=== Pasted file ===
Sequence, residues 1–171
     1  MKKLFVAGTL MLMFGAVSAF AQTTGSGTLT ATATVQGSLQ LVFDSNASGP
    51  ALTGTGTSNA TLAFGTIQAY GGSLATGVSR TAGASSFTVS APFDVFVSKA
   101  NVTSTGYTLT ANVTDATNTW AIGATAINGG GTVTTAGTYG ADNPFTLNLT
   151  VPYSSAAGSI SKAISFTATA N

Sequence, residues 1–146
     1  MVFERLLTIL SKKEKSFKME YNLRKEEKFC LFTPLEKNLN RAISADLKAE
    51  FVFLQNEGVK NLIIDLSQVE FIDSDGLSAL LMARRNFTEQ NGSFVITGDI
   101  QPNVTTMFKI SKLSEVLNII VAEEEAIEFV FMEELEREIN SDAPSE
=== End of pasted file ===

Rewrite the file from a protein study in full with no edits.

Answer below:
Sequence, residues 1–171
     1  MKKLFVAGTL MLMFGAVSAF AQTTGSGTLT ATATVQGSLQ LVFDSNASGP
    51  ALTGTGTSNA TLAFGTIQAY GGSLATGVSR TAGASSFTVS APFDVFVSKA
   101  NVTSTGYTLT ANVTDATNTW AIGATAINGG GTVTTAGTYG ADNPFTLNLT
   151  VPYSSAAGSI SKAISFTATA N

Sequence, residues 1–146
     1  MVFERLLTIL SKKEKSFKME YNLRKEEKFC LFTPLEKNLN RAISADLKAE
    51  FVFLQNEGVK NLIIDLSQVE FIDSDGLSAL LMARRNFTEQ NGSFVITGDI
   101  QPNVTTMFKI SKLSEVLNII VAEEEAIEFV FMEELEREIN SDAPSE